Book cover showing author and violin. Gone: A Girl, a Violin, a Life Unstrung by Min Kym

Release date: 25th April 2017

“The spellbinding memoir of a violin virtuoso who loses the instrument that had defined her both on stage and off — and who discovers, beyond the violin, the music of her own voice. In this lucid and transfixing memoir, Kym sees with new eyes her past as a child prodigy, with its isolation and crushing expectations; her combustible relationships with teachers and with a domineering boyfriend; and her navigation of two very different worlds, her traditional Korean family and her music. And in the stark yet clarifying light of her loss, she rediscovers her voice and herself.”


Book cover of author as a child. City Gate, Open Up by Bei Dao, Jeffrey Yang (Translation)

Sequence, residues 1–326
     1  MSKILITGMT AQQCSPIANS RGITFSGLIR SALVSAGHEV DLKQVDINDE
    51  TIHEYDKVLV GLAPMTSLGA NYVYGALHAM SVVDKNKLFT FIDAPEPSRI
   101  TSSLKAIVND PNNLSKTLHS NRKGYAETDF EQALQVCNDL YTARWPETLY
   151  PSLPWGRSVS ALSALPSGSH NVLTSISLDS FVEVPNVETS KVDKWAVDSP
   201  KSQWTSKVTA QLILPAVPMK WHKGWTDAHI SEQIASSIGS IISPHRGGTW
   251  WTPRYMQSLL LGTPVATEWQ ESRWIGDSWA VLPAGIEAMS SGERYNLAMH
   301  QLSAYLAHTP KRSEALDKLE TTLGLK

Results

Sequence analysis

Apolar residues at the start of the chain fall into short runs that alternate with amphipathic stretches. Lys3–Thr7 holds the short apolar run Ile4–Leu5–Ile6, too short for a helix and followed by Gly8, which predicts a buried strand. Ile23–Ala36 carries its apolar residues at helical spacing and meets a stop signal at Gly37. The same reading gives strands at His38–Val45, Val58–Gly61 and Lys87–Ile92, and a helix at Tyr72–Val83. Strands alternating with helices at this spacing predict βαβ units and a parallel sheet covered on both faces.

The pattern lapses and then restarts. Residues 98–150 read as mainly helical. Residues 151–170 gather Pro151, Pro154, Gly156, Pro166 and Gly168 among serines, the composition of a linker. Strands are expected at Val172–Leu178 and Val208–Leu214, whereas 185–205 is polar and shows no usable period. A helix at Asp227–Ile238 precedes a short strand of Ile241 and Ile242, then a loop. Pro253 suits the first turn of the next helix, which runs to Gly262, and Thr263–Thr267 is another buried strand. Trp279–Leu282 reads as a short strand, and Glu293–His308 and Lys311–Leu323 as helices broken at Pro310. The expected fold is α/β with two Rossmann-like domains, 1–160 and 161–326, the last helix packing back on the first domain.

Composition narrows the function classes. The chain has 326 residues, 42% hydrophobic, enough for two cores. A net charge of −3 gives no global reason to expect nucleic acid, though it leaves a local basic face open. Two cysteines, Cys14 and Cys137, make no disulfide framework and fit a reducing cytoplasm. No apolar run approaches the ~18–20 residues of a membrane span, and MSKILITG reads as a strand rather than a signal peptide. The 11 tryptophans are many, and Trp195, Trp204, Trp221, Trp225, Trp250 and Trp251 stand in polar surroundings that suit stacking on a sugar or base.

Release date: 25th April 2017

“In 2001, to visit his sick father, the exiled poet Bei Dao returned to his homeland for the first time in over twenty years. The city of his birth was totally unrecognizable. “My city that once was had vanished,” he writes: “I was a foreigner in my hometown.” The shock of this experience released a flood of memories and emotions that sparked Open Up, City Gate.”

 


Book cover of author as a child being lifted by his grandfather.The Gift of Anger: And Other Lessons from My Grandfather Mahatma Gandhi by Arun Gandhi

Release date: 25th April 2017

“Discover ten vital and extraordinary life lessons from one of the most important and influential philosophers and peace activists of the twentieth century—Mahatma Gandhi—in this poignant and timely exploration of the true path from anger to peace, as recounted by Gandhi’s grandson, Arun Gandhi. In the current troubled climate, in our country and in the world, these lessons are needed more than ever before.”


Book cover of author in her stage outfit as she gives a salute.The Good Girl of Chinatown by Jenevieve Chang